My peeps and I are headed west for Thanksgiving to spend the holiday with one set of Grans – the Mr’s parents – for the big Eat ‘Til You Pop Day.
We have our own family dinner traditions – green bean casserole, sweet potatoes, fresh cranberry sauce, angel biscuits, turkey, and various and sundry desserts. Some of these dishes are the same as the ones my husband and I remember from childhood, others we’ve changed up a little. This year, we’ll combine old and new for a tryptophan feast.
Green bean casserole is a classic, to alter it would be almost sacrilegious. Desserts are welcome no matter what form they take – pumpkin and pecan pies. I’ve even been known to add my beloved cranberries to apple pie.
When the Mr and I were both kids, sweet potatoes were garnished with tiny, toasted marshmallows. My grandma also mixed in pineapple tidbits. At my house, I pile on handfuls of pecan praline topping. It’s really more of a dessert, but The Boy eats it so I count it as a vegetable.
My grandma would turn over in her grave if she knew the shortcut I take when making my angel biscuits, but I don’t think she’d be able to tell the difference from hers. (Think Bisquick…)
Cranberry sauce back in the day came from a can. You opened both ends and pushed through the gelatinous, maroon cylinder onto a serving dish, slicing along the ridges for uniform medallions. I prefer cranberry relish with real berries.
Turkeys were stuffed and roasted half a day. Now, we brine our bird for 24-hours then deep fry it in less than one hour.
This year, we’ll probably also have stuffing-slash-dressing, perhaps some mashed potatoes (The Boy can make a mean dish of taters), and gravy. If I make whiny noises, I may even get some devil eggs. (I’m the only one in my little family who loves these golden nuggets of deliciousness – but I’m also the only one who appreciates eggnog and fruitcake at Christmas.)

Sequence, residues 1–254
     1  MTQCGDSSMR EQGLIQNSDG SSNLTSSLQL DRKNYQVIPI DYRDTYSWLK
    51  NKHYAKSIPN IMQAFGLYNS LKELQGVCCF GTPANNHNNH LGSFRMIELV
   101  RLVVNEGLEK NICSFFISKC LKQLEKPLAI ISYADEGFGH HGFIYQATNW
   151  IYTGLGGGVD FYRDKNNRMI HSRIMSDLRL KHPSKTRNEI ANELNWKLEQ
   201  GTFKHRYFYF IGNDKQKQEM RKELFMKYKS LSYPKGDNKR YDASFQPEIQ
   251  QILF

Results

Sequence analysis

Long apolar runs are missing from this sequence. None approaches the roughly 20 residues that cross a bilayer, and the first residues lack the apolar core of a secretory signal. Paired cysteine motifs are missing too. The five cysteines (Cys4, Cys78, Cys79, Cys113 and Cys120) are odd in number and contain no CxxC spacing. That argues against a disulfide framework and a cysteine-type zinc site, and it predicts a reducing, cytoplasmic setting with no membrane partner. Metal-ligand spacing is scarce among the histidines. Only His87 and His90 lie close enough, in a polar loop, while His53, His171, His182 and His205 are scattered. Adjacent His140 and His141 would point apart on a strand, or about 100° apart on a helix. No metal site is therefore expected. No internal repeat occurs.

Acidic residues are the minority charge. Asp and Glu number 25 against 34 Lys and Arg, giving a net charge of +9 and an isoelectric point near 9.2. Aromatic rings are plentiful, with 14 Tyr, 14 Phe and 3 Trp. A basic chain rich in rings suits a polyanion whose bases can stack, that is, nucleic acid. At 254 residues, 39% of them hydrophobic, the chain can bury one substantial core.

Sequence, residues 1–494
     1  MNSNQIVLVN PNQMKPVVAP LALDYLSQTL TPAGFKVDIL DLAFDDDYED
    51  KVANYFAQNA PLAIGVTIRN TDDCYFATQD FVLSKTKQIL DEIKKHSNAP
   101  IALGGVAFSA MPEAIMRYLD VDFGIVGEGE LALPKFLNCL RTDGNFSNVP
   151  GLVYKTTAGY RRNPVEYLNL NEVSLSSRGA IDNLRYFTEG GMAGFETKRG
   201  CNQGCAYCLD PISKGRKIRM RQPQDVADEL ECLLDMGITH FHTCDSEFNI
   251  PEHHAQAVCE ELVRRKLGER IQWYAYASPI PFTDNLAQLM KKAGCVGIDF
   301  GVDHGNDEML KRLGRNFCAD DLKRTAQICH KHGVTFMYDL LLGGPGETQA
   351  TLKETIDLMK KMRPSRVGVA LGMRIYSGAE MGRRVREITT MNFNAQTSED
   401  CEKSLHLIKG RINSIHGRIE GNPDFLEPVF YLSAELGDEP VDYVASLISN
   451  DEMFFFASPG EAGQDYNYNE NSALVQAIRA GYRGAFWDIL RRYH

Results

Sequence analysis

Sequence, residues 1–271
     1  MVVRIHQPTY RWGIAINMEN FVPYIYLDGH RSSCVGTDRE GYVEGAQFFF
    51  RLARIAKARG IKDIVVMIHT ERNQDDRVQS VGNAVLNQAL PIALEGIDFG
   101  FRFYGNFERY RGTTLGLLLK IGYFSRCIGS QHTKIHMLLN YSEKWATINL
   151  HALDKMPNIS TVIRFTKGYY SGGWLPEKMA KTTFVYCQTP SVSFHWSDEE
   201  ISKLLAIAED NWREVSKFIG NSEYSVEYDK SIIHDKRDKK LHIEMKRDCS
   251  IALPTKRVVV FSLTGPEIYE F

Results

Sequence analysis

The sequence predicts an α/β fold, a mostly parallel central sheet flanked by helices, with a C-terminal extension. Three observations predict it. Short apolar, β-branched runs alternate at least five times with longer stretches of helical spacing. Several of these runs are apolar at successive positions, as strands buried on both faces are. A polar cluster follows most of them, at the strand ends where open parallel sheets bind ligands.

I told my kids about a dish my mother used to make with canned pear halves. A little dollop of mayo in the center, topped with some shredded Velveeta. My husband remembers a similar side item, only with cottage cheese… hopefully we won’t be recreating these culinary delights.
What are your favorite Thanksgiving dishes, or least favorite?
9 thoughts on “Eat ’til you drop”
I agree with Marie – stuffing from inside the bird is where it’s at. I think it’s because you don’t get it but once or twice a year that makes it my favorite thing to eat on turkey day.
I love real stuffing, the kind my mom makes with the liver and everything. It’s not so much a t-giving tradition since we don’t celebrate it in Canada, but at Christmas? -oh boy oh boy!
Similar menu here, sans the green bean casserole and add butternut squash soup. Happy thanksgiving to you and your family.
mashed potatoes, green bean casserole, turkey, deviled eggs, and enough pumpkin pie to feed 10 of me
Our feast is similar to yours, with just a couple of variations. The green beans are almondine. The sweet potatoes are sliced and backed in a casserole with an orange brown sugar glaze, And the turkey is stuffed at both ends with different stuffings. No rolls. But the white potatoes are mashed (platform for gravy, don’t you know), the cranberry sauce is homemade and whole-berry, and the desserts are decadent. Periodically I toy with the idea of changing it up a bit, but I I know there’d be a mutiny, so I go with tradition.
Tradition is good. Hope you and yours have a filling and satisfying Thanksgiving.
Thanks, Tara. Have a safe journey and a wonderful Thanksgiving. Oh, and say “hey” to Elvis for me.
I like pineapple and sweet potatoes together, but haven’t had that in a long while. Safe travels and enjoy!
Thanks, I hope you and yours have a festive holiday too.